Today we will take a look at HUBzone certifications and federal false claims act violations — that is to say, fraud and false claims against the Historically Underutilized Business Zones Empowerment Contracting Program, more commonly known as the HUBzone program.
The HUBzone program – created by the Small Business Reauthorization Act of 1997 and administered by the United States Small Business Administration – aims to stimulate economic growth in certain areas of the country. The program is no doubt worthwhile, and has done much good in the last 17 years. The basic requirements and goals of the HUBzone program are set-forth in 13 C.F.R. §126.100.
As regular readers know, to find the false claims in government procurement, you just need to follow the money. Wherever and whenever the government commits large amounts of money to a specific goal, fraudfeasors are sure to follow. By that measure, the HUBzone program is indeed a most tempting target because the federal government has set a goal of awarding 3% of all dollars for federal prime contracts to HUBZone-certified small business concerns. In order to qualify for a piece of this lucrative HUBzone action, a business must be certified by the SBA as meeting all of the following criteria:
(1) the business must be a small business by SBA standards;
(2) it must be owned and controlled at least 51% by U.S. citizens, or a Community Development Corporation, an agricultural cooperative, or an Indian tribe;
(3) the principal office of the business must be located within a “Historically Underutilized Business Zone; and,
(4) at least 35% of its employees must reside in a HUBZone.
Parenthetically, a number of counties in Virginia qualify as HUBzone locations. These locations are, as indicated in the map below, mostly in Southwest Virginia and Southside Virginia with a smattering in Northern Neck and even a bit up next to the West Virginia line, but I digress.
Once a business is certified as a HUBzone business, it must be re-certified every three years. In addition, a HUBzone business is required by law to report any “material change” to its HUBzone status. A “material change” includes, but is not limited to: changes in the ownership, Changes in business structure, changes in principal office and failure to meet the 35% HUBZone residency requirement.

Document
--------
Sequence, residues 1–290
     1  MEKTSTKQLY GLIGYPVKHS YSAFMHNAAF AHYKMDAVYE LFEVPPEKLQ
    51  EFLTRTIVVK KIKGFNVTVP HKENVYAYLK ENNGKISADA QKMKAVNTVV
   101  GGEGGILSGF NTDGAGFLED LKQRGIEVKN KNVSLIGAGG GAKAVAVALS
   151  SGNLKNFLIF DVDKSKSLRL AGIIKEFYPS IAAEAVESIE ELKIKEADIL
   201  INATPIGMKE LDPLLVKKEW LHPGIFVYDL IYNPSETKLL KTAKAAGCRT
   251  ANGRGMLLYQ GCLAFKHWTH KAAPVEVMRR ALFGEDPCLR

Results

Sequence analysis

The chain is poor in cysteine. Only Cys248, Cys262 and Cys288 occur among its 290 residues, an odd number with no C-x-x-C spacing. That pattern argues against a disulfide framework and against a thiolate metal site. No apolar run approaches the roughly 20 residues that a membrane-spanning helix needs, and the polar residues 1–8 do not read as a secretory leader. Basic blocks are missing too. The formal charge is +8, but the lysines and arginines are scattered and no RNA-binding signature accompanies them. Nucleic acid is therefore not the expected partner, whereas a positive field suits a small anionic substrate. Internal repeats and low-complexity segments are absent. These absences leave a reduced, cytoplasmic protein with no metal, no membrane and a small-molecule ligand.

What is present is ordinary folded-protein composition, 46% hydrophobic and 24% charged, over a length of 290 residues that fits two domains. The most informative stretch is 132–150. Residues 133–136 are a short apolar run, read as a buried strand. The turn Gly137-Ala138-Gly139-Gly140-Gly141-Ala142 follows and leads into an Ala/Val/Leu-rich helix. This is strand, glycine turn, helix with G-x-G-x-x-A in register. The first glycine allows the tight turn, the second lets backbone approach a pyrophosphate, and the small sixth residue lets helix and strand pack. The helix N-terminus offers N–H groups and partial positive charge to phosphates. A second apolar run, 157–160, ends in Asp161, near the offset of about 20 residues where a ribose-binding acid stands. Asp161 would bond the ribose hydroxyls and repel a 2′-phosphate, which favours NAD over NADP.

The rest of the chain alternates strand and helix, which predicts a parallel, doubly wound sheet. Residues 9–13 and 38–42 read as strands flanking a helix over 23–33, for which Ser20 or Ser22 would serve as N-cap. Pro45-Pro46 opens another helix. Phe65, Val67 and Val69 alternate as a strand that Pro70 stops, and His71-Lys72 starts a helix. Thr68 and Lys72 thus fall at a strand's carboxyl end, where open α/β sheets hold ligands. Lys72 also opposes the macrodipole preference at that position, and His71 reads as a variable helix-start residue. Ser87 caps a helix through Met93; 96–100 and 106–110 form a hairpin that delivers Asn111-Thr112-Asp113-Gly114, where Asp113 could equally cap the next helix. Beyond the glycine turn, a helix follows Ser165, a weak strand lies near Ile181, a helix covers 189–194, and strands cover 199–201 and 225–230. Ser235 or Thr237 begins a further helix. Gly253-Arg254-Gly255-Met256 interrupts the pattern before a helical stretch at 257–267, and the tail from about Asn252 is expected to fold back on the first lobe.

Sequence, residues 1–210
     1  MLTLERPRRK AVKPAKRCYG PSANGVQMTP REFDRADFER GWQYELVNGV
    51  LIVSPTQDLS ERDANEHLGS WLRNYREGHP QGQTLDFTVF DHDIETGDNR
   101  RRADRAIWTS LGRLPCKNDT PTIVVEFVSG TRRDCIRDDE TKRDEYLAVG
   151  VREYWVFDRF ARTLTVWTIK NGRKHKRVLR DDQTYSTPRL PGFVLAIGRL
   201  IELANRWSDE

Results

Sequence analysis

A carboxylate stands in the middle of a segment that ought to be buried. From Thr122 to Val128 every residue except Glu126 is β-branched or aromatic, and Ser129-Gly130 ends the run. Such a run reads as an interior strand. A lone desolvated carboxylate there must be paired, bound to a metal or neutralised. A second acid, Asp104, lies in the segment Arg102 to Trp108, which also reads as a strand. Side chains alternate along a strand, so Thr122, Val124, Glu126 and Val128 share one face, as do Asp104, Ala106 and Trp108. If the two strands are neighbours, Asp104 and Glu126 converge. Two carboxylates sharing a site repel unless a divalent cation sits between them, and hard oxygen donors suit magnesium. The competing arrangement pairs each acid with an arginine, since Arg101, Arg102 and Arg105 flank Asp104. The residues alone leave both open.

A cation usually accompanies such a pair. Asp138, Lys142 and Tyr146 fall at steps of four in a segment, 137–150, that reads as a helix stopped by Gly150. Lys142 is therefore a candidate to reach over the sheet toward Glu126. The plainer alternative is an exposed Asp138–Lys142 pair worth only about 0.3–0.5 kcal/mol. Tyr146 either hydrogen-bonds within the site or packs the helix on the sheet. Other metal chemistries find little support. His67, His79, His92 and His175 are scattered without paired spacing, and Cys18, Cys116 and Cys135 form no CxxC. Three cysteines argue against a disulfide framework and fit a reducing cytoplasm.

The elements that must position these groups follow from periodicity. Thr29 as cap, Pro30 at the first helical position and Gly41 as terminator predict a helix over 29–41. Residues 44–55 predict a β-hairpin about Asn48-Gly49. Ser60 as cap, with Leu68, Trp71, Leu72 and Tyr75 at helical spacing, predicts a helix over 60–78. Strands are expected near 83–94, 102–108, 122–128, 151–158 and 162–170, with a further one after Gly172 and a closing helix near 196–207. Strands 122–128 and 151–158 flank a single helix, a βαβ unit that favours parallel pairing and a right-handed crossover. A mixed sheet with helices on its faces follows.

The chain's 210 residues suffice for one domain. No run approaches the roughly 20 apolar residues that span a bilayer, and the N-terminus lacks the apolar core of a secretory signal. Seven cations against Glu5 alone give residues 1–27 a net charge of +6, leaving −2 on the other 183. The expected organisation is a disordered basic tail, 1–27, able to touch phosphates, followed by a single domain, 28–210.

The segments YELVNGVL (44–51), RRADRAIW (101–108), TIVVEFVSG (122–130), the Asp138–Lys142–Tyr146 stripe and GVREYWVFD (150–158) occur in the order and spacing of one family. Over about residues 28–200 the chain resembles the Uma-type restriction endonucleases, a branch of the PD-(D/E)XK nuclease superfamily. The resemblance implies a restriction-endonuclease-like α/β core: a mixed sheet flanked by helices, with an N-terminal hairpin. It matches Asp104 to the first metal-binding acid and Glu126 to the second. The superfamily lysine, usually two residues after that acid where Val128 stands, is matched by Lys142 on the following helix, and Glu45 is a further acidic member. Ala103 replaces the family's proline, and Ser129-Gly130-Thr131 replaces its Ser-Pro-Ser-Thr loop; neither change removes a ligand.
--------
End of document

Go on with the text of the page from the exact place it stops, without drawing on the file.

So what happens if a business plays fast and loose with these requirements?
You guessed it readers – if, at any time after becoming certified, a certified entity fails to maintain its eligibility for HUBZone certification, such entity and its principals are required to “immediately notify the SBA” of its lack of eligibility (See 13 C.F.R. §126.501). Stated another way, there is an affirmative obligation on the part of any certified HUBzone small business to notify the SBA if they suddenly, for whatever reason, become ineligible to participate in HUBzone contracts.
The penalties for failure to comply with such requirement explicitly include, among other things, liability under the federal False Claims Act. See 13 C.F.R. § 126.900(b).
And, in addition to the obvious false claims and fraud arising from the original certification process (or, after initial certification, a failure to immeditately notify the SBA of any changes) there are numerous other ways businesses can run afoul of the law. In order for such a violation to rise to the level of a false claims act violation, it would be necessary for the businesses actions to be taken “knowingly.”